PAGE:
How to Fix Delayed Notifications on a Google Pixel Phone on Android 11, 12, 13, 14 Using ADB via USB (Tethered) or On the Device Itself (Untethered)

Posted in Tips and tricks on 17 March 2024

Relevant for Google Pixel models:

  • Pixel 4, Pixel 4a, Pixel 4a 5G, Pixel 4 XL
  • Pixel 5, Pixel 5a, Pixel 5a 5G
  • Pixel 6, Pixel 6a, Pixel 6 Pro
  • Pixel 7, Pixel 7a, Pixel 7 Pro
  • Pixel 8, Pixel 8a, Pixel 8 Pro

Android versions:

  • Android 11
  • Android 12
  • Android 13
  • Android 14

Great Cameras, Buggy OS

One of the requirements for a new project of mine was a dedicated Android smartphone with some of the best cameras on the market. According to the latest tests, the Google Pixel smartphone lineup still leads the pack when it comes to reasonably priced camera phones. It also seems like there haven't been any noticeable improvements on the camera hardware in those since the release of the 6th generation of Pixels. So I picked up a shiny new Pixel 6a, created a new Gmail account and signed in.

All was going well until I realized that most, if not all email and instant messaging apps' notifications were delayed. Sometimes for a minute. Usually – for much longer.

At first I shrugged it off, thinking, "Well, what did I expect? It's an Android phone. You have to spend time fiddling with it to get it to behave as needed...". You know the drill.

Therefore, I made sure to try and fix this with the tools presented by the OS:

  • Disabled Battery Saver and Adaptive Battery
  • Lifted any background activity restrictions for Gmail and messaging apps
  • Allowed those apps to have unrestricted access to the internet
  • Updated both Android and the apps to the latest versions


Alas, even after completely powering down and restarting the phone, as recommended in some forums, nothing changed. Within about 5 minutes, the phone would still go into some sort of deep sleep mode, which in turn would cause email and instant messaging notifications to be delayed again.

Really? Do I still have to switch into a "Power User" mode and jump through hoops even in 2024 to fix freaking notifications?

Guess some things never change…



Long story short, it's all because of a power-saving feature called Doze:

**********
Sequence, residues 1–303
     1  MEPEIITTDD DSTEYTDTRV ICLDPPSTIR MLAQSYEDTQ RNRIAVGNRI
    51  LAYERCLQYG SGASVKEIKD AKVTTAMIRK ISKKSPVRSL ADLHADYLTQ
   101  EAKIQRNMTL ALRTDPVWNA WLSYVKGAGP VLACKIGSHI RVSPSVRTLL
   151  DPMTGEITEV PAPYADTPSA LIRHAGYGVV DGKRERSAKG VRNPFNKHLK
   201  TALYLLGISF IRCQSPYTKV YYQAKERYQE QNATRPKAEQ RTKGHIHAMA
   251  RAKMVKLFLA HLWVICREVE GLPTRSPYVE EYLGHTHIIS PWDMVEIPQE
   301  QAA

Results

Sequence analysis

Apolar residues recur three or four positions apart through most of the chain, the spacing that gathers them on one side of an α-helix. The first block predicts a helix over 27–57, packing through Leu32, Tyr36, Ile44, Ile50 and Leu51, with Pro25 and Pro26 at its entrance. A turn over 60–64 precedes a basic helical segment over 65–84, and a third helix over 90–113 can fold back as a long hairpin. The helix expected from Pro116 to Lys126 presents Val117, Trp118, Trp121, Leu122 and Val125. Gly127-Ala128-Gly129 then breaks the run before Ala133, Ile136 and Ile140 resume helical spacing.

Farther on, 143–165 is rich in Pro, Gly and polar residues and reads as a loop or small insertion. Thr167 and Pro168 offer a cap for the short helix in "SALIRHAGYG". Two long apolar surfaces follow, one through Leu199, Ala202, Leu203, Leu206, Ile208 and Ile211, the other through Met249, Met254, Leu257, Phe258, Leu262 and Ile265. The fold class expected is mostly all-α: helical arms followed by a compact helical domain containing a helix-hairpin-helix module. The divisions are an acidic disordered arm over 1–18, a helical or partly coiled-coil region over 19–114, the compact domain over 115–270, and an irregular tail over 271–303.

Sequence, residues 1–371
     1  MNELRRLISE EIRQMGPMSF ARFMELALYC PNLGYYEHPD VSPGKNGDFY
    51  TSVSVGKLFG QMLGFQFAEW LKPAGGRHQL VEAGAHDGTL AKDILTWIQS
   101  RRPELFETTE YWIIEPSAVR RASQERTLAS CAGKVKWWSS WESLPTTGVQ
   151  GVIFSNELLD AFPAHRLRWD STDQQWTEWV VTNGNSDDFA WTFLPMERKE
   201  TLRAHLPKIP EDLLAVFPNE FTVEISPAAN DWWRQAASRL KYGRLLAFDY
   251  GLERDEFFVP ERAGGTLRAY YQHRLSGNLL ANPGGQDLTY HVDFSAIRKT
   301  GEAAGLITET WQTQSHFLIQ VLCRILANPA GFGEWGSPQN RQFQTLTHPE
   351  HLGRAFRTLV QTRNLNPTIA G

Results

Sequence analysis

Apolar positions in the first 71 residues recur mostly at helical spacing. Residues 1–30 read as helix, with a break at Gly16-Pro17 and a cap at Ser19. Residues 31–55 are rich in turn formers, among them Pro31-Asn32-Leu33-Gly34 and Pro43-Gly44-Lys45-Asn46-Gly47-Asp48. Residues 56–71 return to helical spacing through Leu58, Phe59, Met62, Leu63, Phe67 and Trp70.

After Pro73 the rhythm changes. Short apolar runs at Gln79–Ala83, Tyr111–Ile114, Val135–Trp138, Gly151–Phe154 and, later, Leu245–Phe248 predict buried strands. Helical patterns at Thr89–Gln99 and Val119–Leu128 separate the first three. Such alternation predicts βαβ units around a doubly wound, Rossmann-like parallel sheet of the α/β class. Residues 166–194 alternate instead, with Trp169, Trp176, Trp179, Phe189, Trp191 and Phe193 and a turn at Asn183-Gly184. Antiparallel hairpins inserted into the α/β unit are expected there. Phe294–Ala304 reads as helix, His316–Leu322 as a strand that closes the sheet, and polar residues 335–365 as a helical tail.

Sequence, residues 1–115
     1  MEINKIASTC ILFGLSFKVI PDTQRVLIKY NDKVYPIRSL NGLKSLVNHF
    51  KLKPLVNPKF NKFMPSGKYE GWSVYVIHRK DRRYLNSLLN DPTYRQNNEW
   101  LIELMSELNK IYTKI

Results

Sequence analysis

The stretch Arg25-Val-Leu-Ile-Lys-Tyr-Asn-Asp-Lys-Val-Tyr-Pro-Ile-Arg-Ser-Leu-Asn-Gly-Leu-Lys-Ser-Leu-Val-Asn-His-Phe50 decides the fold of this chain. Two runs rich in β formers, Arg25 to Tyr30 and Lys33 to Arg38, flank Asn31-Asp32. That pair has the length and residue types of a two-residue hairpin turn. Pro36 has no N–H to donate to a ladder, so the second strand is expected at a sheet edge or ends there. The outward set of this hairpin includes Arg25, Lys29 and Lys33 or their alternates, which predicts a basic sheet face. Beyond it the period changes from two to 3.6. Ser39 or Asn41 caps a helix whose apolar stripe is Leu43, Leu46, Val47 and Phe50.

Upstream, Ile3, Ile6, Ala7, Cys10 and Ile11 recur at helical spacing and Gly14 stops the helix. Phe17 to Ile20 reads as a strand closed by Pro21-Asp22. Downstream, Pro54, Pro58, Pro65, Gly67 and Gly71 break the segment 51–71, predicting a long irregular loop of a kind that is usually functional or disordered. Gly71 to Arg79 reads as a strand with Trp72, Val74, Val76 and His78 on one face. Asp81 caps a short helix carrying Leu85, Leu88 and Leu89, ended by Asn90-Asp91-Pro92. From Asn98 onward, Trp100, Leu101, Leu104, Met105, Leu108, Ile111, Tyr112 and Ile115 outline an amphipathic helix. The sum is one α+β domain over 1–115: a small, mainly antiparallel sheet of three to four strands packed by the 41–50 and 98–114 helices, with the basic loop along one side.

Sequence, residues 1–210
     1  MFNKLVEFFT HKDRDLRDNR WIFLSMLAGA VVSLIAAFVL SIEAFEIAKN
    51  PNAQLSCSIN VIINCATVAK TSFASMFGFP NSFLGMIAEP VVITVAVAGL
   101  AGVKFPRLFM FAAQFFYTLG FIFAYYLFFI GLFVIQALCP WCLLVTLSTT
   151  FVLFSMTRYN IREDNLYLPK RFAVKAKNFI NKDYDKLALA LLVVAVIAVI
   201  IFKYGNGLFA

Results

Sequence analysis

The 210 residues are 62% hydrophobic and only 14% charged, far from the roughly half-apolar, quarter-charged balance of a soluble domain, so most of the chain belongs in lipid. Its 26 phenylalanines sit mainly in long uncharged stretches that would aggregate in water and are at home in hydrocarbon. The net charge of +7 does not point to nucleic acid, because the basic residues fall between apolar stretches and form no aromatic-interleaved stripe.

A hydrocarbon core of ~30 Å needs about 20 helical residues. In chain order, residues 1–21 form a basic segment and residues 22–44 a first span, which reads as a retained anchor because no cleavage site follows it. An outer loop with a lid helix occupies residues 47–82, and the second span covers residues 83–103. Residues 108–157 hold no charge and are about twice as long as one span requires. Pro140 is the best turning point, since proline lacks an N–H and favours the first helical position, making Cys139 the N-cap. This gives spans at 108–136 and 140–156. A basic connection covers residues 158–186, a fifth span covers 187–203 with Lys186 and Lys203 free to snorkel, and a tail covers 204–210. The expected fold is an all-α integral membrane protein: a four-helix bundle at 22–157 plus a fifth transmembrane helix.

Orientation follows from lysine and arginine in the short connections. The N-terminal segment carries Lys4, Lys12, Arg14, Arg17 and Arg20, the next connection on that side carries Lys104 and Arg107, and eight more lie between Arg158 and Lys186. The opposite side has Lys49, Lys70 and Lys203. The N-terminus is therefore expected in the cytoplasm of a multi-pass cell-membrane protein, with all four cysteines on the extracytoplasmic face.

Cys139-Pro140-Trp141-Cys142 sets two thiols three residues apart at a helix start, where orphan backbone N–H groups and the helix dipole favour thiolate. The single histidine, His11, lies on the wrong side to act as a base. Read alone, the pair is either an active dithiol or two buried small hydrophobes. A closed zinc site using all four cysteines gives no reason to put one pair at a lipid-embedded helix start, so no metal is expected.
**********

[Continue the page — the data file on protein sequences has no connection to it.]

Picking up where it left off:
Doze reduces battery consumption by deferring background CPU and network activity for apps when the device is unused for long periods of time. App Standby defers background network activity for apps with no recent user activity. While the device is in Doze, apps' access to certain battery-intensive resources is deferred until the maintenance window. The specific restrictions are listed in Power management restrictions.

Sounds nice, until you experience it for yourself in Google Pixel phones in particular. I've never had any issues with notifications on Android phones from brands like Samsung, TCL, Xiaomi to name a few. For some reason only Pixels have always been plagued with the delayed notification issues for years ever since Google migrated those to use their own SoC, known as Google Tensor. I suppose the power efficiency of the SoC wasn't very impressive, so Google had to resort to enabling permanent aggressive power saving in the OS. Even if it came at the cost of apps being constantly killed in the background on a phone with 6GB (!) of RAM, half of which is often free, as well as notifications and push messages being sent with considerable delays.

Luckily, there's a solution.

Disable Google Pixel Light and Deep Sleep Modes Using ADB


ADB, or Android Debug Bridge, is a well-known tool among Android enthusiasts. It allows to perform "fine-tuning" of the OS, remove bloatware and do some other cool stuff. It's a Power User tool, so of course it should be used with care.

Fortunately, disabling Doze via ADB is safe and easy. The only caveat is that you need to do this after every phone restart. But considering how important it is to have reliable notifications, and how rarely you need to reboot a phone, that's hardly an issue.

Activate Developer Options and Enable USB and Wireless Debugging on the Device

  1. Open Settings, and select “About”
  2. Tap on “Build number” seven times until a message pops up that says: "Congratulations! You are now a developer!"
  3. Go back to Settings => System and enter a new section titled “Developer options” at the bottom of the page
  4. Scroll down, and check the “Android debugging” or “USB debugging” entry under “Debugging”
  5. While on this page, make sure to also enable "Wireless Debugging". It will be useful later to permit executing ADB commands right on the phone via an app, without the need to connect it to the computer via USB after each reboot